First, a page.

The difficulties of living as an irreligious or secular person forms the premise of the Mammootty-starrer Pothen Vava.
Written by Benny P Nayarambalam, with a proven track record of handling such characters deftly, the film is directed by Joshiy. Usha Uthup, the original diva of Indi-pop is as an added USP.
Pothen Vava offered a heady mix for sure. But how much kick we get out of the mix is the matter of concern. Surely, you get high initially with Usha Uthup showing the energy reminiscent to that of Philomina's character in the Godfather. This is followed by Mammootty's grand second entry (the first one happened before the flashback) and incessant flow of witty dialogues, which builds Vava's character and the supporting players.
Our spirits soar as the film proceed to tell the story of Vava (Mammootty) born to a Christian mother (Usha Uthup) and Nampoothiri (Nedumudi Venu) father who have divorced when he was just a baby. The court gave the baby to the mother and ordered that baby will have the right to choose his religion when he is mature enough. But the selection never happens and Vava continues his nameless, religion-less existence, till one dramatic event forces him to select a religion.
Vava decides to be Christian, but his mother puts the condition that Vava seeks his father's permission before taking the final plunge. Till now, the going is great. We empathies with Vava's travails and when the things loosen up, the humour picks up.
The downward spiral begins post-intermission when Vava chases down his father who has now become a renowned Carnatic singer and saves him after a life threatening accident. It was an attempt on the singer's life for his property.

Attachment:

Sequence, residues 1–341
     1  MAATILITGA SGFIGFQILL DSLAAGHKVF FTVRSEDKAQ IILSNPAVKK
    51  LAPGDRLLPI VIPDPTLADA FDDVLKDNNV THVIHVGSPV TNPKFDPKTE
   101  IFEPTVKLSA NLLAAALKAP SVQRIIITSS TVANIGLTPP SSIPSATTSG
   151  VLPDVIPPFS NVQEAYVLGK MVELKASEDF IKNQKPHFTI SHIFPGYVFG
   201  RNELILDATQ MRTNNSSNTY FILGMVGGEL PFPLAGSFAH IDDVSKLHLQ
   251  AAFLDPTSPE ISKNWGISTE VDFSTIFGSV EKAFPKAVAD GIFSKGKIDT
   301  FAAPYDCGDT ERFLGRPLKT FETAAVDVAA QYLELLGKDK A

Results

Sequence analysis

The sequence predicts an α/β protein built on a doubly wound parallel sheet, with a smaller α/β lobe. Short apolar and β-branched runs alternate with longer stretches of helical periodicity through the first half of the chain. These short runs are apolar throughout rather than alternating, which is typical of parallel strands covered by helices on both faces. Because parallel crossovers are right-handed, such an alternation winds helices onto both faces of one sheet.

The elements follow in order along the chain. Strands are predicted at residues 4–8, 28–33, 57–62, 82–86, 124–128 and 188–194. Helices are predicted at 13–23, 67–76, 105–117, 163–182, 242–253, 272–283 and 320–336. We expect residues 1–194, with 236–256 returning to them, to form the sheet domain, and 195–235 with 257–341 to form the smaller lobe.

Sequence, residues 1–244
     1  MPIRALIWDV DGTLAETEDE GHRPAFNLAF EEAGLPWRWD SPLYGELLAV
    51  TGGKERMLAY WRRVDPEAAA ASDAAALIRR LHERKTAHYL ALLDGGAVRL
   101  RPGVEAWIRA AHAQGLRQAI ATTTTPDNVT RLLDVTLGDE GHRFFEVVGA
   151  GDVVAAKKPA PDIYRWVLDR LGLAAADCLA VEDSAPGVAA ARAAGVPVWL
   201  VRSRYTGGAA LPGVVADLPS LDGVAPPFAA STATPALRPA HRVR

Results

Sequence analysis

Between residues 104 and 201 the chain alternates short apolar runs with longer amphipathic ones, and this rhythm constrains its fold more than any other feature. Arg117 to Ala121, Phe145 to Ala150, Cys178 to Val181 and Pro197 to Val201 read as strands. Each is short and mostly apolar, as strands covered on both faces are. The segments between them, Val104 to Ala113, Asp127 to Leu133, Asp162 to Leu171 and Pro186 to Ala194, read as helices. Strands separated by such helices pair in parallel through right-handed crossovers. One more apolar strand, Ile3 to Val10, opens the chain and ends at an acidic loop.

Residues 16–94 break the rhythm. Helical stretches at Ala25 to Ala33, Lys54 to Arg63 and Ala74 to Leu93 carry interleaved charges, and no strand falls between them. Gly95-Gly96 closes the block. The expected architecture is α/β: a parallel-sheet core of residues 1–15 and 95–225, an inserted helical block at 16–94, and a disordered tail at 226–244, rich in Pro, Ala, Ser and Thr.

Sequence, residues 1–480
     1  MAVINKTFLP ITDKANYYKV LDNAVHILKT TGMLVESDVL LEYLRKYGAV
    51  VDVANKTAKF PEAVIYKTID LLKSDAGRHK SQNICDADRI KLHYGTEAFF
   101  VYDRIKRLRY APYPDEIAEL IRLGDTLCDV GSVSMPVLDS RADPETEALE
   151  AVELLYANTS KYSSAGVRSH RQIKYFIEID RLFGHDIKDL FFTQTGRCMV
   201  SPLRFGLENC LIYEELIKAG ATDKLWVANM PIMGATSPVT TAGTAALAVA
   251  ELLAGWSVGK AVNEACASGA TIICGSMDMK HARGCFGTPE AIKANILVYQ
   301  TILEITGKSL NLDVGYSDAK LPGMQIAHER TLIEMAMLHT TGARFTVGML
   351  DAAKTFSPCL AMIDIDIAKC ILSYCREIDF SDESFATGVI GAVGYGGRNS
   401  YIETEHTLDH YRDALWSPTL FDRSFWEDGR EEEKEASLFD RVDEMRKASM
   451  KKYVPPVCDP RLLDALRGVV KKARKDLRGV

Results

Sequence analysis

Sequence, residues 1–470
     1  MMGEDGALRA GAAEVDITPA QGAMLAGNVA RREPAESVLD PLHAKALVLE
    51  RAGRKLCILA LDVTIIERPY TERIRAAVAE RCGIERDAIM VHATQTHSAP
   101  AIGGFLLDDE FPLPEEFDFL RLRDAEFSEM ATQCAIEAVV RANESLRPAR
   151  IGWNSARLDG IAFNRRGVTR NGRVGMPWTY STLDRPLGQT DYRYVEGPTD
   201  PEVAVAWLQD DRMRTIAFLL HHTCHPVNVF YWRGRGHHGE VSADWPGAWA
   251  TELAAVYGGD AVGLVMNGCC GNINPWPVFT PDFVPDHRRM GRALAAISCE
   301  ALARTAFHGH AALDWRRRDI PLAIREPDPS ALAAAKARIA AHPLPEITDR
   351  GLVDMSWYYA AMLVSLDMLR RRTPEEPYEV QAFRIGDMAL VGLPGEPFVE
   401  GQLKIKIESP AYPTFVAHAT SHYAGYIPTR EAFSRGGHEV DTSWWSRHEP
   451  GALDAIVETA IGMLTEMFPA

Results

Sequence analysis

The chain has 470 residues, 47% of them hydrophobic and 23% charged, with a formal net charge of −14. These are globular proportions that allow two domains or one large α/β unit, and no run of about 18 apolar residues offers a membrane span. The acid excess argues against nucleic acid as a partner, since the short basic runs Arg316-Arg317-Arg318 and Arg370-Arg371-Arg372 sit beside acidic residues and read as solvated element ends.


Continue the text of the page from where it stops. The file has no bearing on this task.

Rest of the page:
This film could have been outstanding if it had not taken this angle and gone with the main thread itself till the end like he did in Kunjikoonan and Chandupottu. But the makers here chose the tried and tested route, which leads to a very contrived climax.
Mammootty does a good job as Vava. But later, even though he tries hard to retain the sparkle of the first half, the situations let him down.
Usha Uthup as Mariamma Vakkeel is also good, but her presence is not utilised well.
Gopika as Gladys, the former assistant of Mariamma, who now looks after her professional commitments and appears in court for her son whenever he is entangled in a legal wrangle (wonder why our heroes have to be Tharvadi Themmadi, why not ordinary folks like they were in the past?) exudes charm.
On the whole, Pothen Vava is better than Mammootty's recent outings. But it could have been even better.